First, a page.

Some of the consumer-oriented Lenovos offer good quality and specs for your dollar. Like the Y410p. For sub-$500, I'd probably recommend you to look at AMD APUs, if graphics really are important, or a haswell-based notebook with Iris Pro integrated graphics (The fully-enabled one, not the one with the 128mb cache which is too expensive). Intel's iGPU performance hasn't caught up to AMD's, but you'll get better battery life and more single-threaded performance from the CPU.

 

Other than that, get (or upgrade to) at least 8GB of RAM, and get a display that's a good size for you, and at least 1440x900 resolution, preferably higher. 1366x768 is really too cramped for serious work, 1440x900 is just barely adequate. Try to get a machine that's either entirely SSD, or has a 24GB+ SSD cache.

 

If you have money left over and don't already have them lying around, consider picking up a larger, high-res monitor and a nice keyboard/mouse. Portability is nice, but you'll probably spend 80% of your time wherever it is you sleep, if you've got the desk-space, you'd be wise to make it more comfortable.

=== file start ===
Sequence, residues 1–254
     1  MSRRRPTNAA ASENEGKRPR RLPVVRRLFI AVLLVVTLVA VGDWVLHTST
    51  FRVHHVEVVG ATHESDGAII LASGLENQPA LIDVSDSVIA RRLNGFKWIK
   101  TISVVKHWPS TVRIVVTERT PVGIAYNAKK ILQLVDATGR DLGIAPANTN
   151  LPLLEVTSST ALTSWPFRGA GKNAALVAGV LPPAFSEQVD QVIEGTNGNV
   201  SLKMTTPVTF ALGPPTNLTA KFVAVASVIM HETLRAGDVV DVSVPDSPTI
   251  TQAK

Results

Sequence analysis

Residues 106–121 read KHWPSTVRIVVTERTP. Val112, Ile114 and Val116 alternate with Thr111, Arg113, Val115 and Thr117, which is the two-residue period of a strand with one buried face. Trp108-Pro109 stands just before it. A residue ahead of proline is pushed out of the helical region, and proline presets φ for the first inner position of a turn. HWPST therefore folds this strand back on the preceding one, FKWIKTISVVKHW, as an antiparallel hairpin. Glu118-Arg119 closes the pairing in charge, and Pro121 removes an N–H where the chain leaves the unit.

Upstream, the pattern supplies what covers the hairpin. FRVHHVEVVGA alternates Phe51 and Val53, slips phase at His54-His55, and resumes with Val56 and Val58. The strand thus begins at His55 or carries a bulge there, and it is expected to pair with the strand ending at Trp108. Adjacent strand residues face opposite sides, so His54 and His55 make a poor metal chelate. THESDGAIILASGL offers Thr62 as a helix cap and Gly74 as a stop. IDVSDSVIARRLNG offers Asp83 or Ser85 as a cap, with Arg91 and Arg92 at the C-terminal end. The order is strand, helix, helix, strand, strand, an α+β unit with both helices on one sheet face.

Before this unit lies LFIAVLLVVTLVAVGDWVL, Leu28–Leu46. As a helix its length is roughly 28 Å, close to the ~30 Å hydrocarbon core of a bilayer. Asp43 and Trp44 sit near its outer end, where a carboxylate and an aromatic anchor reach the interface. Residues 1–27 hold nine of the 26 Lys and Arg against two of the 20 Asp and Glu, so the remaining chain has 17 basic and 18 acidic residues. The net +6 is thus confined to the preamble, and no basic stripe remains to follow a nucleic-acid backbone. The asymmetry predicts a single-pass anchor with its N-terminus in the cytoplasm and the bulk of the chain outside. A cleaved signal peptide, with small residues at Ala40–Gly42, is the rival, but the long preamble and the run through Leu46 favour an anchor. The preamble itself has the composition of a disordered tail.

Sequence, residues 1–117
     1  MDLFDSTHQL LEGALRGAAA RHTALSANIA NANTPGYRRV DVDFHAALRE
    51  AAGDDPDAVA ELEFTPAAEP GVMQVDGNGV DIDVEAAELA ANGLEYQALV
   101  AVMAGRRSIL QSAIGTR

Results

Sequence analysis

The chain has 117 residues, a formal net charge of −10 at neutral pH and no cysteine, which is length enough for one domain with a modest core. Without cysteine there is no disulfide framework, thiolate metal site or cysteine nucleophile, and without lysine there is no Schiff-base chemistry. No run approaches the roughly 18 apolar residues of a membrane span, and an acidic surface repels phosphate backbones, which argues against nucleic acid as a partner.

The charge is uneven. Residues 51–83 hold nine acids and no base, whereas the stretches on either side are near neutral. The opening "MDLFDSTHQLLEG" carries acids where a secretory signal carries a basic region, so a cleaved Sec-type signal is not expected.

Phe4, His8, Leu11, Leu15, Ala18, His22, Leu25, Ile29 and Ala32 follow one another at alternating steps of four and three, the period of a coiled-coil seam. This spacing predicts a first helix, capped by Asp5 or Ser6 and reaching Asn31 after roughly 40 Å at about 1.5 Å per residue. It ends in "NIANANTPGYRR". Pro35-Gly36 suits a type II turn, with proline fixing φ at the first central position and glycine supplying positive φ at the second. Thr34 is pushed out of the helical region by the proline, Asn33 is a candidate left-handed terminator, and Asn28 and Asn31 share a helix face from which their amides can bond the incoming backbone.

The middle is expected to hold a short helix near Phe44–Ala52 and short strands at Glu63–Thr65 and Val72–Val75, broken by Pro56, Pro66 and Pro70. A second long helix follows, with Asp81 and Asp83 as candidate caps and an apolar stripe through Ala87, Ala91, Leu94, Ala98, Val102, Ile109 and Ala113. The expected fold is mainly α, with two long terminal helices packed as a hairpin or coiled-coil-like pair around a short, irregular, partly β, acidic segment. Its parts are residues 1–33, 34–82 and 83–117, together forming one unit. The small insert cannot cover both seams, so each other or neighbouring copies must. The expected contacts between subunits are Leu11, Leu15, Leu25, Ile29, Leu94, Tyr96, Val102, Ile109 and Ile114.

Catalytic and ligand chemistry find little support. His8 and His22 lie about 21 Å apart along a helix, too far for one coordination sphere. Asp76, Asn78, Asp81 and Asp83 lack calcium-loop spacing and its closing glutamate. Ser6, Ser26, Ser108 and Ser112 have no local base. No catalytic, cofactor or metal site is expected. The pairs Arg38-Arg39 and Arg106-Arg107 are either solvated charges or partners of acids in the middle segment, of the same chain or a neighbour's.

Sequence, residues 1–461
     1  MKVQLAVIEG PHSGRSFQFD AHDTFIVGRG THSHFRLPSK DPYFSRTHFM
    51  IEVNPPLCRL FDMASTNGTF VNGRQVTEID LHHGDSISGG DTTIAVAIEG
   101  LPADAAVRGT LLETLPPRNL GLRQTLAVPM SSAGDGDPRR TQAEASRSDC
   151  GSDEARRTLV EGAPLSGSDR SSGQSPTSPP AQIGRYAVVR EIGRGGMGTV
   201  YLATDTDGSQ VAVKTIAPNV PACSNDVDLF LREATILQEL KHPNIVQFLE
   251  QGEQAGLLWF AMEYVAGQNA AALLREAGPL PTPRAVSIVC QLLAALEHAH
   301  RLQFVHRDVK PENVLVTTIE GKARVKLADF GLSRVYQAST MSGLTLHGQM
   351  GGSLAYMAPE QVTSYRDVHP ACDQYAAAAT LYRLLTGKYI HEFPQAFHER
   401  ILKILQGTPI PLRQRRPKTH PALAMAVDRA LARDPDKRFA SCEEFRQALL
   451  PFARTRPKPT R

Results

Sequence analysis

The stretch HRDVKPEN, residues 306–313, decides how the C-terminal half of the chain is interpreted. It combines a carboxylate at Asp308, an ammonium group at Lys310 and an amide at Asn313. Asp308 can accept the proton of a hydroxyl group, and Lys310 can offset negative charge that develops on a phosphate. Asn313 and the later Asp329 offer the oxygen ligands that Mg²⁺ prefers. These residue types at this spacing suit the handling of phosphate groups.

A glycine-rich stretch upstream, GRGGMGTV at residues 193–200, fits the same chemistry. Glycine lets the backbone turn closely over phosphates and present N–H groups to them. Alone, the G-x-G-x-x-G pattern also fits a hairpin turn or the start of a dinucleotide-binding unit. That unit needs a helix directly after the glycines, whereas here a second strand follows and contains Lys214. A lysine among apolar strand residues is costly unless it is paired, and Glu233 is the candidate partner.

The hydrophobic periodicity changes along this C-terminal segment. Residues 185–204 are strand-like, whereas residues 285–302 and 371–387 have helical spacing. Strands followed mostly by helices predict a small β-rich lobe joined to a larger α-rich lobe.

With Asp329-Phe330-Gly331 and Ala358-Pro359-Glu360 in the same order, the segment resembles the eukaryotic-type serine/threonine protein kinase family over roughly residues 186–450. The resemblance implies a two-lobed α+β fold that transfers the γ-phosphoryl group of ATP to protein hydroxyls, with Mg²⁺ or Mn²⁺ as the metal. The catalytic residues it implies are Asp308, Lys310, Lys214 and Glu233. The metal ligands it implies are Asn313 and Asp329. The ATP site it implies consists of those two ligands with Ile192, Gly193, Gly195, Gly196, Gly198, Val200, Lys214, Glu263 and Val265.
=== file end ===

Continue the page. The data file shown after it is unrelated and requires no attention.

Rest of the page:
Share this post


Link to post
Share on other sites

A nice GPU (NVIDIA ideally or maybe AMD but not Intel) and lots of memory. Everything else can be compromised in favor of those two.

Share this post


Link to post
Share on other sites

You're probably not going to do games with crysis like graphics, so GPU is not all that important but it should be fairly modern. I would recommend laptop with atleast discrete GPU. But I think for me the first thing to look in laptop is it's screen resolution. Because I have a laptop with 1366x768 screen resolution and it sucks for programming, I can't fit anything on screen. Even if I open my IDE in fullscreen I still need to constantly adjust the side bars or and toolbar's size so I could fit more code on screen. Get a laptop with 1080p screen. It will be bigger, but much better for programming. If you are going to compile big applications/games then get a laptop wtih SSD, because it will reduce compile time.